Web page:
The charge of the tuk-tuks

The charge of the tuk-tuks

The tuk-tuk is a familiar sight on the crowded streets of many Asian cities. One of the challenges when taking a ride is negotiating the price. But help is available.



To the non-resident, taking a tuk-tuk ride in any one of the many Asian cities where they throng the streets is an experience that’s not easily forgotten. Also known as auto-rickshaws, these three-wheeled taxis, powered by scooter or small motorbike engines, were developed as highly manoeuvrable transport solutions to crowded inner-city traffic conditions. The driver sits up front, steering with bike-like handlebars, and there’s usually space for two or more passengers on the seat behind him. There’s some form of roof, but otherwise not much else by way of weather or safety protection.

Part of the thrill of a tuk-tuk ride is negotiating the price of the fare. In Bangkok, Thailand, it can turn into quite a heated discussion, despite the Thais’ reputation for smiles. That matter settled, you’re off and away, hurtling through the lines of stationary traffic in the city centre with only millimetres to spare between you and the other vehicles. It can be a scary business, being a passenger.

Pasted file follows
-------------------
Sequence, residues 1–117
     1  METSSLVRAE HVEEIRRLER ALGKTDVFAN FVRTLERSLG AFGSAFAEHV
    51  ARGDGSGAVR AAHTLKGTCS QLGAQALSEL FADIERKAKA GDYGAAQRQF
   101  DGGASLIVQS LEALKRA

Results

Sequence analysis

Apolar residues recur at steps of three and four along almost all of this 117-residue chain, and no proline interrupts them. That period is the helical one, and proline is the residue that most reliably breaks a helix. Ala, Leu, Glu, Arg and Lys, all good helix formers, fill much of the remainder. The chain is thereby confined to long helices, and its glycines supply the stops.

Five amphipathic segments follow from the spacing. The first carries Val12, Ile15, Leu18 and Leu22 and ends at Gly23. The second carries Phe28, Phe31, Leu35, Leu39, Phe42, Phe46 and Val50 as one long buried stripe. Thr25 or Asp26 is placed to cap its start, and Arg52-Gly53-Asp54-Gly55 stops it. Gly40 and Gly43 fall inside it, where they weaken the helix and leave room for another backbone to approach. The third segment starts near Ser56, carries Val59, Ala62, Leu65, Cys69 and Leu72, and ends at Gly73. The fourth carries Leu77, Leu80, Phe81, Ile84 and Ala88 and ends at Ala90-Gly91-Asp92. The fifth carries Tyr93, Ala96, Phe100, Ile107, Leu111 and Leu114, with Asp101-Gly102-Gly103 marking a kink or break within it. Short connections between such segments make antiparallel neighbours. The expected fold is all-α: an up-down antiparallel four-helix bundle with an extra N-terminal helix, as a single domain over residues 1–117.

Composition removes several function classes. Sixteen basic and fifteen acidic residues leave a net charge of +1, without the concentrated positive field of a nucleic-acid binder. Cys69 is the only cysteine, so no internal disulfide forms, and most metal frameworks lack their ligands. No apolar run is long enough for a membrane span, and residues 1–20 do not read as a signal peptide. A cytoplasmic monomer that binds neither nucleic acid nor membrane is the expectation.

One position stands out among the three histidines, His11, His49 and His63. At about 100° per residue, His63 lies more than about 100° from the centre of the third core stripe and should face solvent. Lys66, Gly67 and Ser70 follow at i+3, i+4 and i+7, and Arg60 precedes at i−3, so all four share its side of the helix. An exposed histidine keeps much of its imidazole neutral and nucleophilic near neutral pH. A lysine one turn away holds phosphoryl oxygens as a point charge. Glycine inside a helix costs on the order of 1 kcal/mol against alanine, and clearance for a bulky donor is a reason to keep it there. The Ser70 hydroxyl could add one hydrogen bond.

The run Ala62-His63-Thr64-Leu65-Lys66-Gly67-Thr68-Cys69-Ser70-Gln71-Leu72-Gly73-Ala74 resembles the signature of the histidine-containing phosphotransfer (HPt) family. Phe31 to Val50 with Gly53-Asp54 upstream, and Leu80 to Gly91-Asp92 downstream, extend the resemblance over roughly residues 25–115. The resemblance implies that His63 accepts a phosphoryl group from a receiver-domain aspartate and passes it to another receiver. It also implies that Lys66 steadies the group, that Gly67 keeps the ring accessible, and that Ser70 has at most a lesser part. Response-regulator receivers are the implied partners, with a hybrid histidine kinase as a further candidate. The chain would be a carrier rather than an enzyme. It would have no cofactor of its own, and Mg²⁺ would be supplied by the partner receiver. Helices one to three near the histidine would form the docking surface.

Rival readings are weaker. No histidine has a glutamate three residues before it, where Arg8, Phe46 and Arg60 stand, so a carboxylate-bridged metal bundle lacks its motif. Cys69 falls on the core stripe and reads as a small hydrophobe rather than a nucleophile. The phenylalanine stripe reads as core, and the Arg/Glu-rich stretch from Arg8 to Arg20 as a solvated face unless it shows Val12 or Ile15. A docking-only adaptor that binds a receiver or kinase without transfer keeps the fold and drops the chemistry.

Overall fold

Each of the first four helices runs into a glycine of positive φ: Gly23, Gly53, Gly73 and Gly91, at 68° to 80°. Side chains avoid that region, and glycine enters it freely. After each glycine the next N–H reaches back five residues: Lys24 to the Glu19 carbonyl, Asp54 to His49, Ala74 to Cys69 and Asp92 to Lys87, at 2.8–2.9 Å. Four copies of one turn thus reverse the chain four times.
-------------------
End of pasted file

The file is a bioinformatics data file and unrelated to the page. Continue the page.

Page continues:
But at least in India, a bajaj (auto-rickshaw) journey can be a more accurate business, thanks to the introduction of a dedicated metering device for displaying the fare. The fare meter uses a SKF sensorized bearing and shaft solution that converts the rotary motion of the engine into a series of
digital pulses that are then processed and displayed in the fare meter unit as the journey rate to the passenger.

Developed by SKF’s Electrical and Two Wheeler Business Unit, the bearing and shaft solution for the three-wheeler taxi fare meter can be simply and securely attached to the motor unit and provides precise measurement and pricing. Once in place, the unit is tamper-proof.

Even with the meter running, the ride may be an eye-widening experience, but at least you can’t argue over the price.


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